Sam Becomes a Hurricane and Is Expected to Intensify

Posted On: September 24, 2021

Hurricane Sam

Tropical Storm Sam strengthened into a hurricane early Friday and was expected to intensify as it moved west across the Atlantic Ocean, forecasters said.  

The storm was more than 1,300 miles east of the eastern Caribbean as of 11 a.m. Eastern time, moving west at 14 miles per hour with maximum sustained winds of 75 m.p.h., according to the National Hurricane Center.

Sam, formed on Thursday in the central Atlantic and strengthen into a hurricane early Friday. Same is the fourth named storm to develop in less than a week and the 18th in a hectic 2021 Atlantic hurricane season.

Tropical Storm Sam strengthened into a hurricane early Friday and was expected to intensify as it moved west across the Atlantic Ocean, forecasters said. However, it was not an immediate threat to land.

The hurricane was more than 1,300 miles east of the eastern Caribbean as of 11 a.m. Eastern time, moving west at 14 miles per hour with maximum sustained winds of 75 m.p.h., according to the National Hurricane Center.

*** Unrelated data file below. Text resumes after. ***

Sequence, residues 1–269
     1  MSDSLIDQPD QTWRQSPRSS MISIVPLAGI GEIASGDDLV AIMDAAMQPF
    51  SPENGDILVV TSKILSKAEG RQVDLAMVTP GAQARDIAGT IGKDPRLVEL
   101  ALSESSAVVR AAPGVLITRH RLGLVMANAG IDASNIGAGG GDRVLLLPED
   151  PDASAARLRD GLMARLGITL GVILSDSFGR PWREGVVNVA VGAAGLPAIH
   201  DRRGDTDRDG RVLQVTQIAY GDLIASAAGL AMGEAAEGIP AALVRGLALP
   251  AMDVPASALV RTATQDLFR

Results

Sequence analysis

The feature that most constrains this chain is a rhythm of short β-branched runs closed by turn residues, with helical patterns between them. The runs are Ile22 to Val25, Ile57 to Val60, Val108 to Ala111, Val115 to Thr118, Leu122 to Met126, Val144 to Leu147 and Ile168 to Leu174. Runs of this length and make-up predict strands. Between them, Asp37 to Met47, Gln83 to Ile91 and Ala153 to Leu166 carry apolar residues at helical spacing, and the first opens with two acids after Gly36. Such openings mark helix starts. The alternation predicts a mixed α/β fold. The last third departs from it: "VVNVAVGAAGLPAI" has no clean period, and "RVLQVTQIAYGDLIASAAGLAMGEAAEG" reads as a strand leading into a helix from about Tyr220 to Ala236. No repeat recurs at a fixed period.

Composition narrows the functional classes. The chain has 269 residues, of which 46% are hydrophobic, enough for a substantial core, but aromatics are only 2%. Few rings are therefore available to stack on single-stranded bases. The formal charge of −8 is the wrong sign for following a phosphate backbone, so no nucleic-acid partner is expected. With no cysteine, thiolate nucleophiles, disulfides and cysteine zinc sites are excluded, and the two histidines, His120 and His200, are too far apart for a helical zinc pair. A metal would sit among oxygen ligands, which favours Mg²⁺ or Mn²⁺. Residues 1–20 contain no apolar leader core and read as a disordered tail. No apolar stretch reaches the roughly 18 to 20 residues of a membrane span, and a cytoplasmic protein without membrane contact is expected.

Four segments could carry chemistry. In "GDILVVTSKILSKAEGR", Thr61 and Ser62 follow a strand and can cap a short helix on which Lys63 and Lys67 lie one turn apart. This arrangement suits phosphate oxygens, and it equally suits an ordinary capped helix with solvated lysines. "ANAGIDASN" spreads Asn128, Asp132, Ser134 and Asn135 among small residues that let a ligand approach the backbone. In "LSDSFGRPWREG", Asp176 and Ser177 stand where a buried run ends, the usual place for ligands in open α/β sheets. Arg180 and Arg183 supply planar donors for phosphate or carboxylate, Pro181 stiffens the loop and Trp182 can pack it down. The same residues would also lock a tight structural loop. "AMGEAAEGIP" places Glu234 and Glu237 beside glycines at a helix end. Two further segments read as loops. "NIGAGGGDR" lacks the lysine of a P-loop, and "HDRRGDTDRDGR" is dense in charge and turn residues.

Sam, which formed on Thursday in the central Atlantic, is the fourth named storm to develop in less than a week and the 18th overall in a busy 2021 Atlantic hurricane season.

“It is too early to tell what, if any, impacts could occur in the United States or any other land areas,’’ Dennis Feltgen, a meteorologist at the hurricane center in Miami, said on Friday.

“All we need to do right now is check the latest forecast as we get into next week,’’ Mr. Feltgen. He said people should ensure they have a hurricane plan, including supplies, in place.

“With more than two months to go in the hurricane season, it is certainly possible that the 2021 Atlantic list of names will be exhausted,’’ Mr. Feltgen said. 

This year, the height hurricane season — August through November — has led to a run of named storms that formed in quick sequence, bringing stormy weather, flooding, and damaging winds to parts of the United States and the Caribbean.

The links between hurricanes and climate change are becoming more apparent. A warming planet can expect stronger hurricanes over time and a higher incidence of the most powerful storms — though the overall number of storms could drop, because factors like stronger wind shear could keep weaker storms from forming.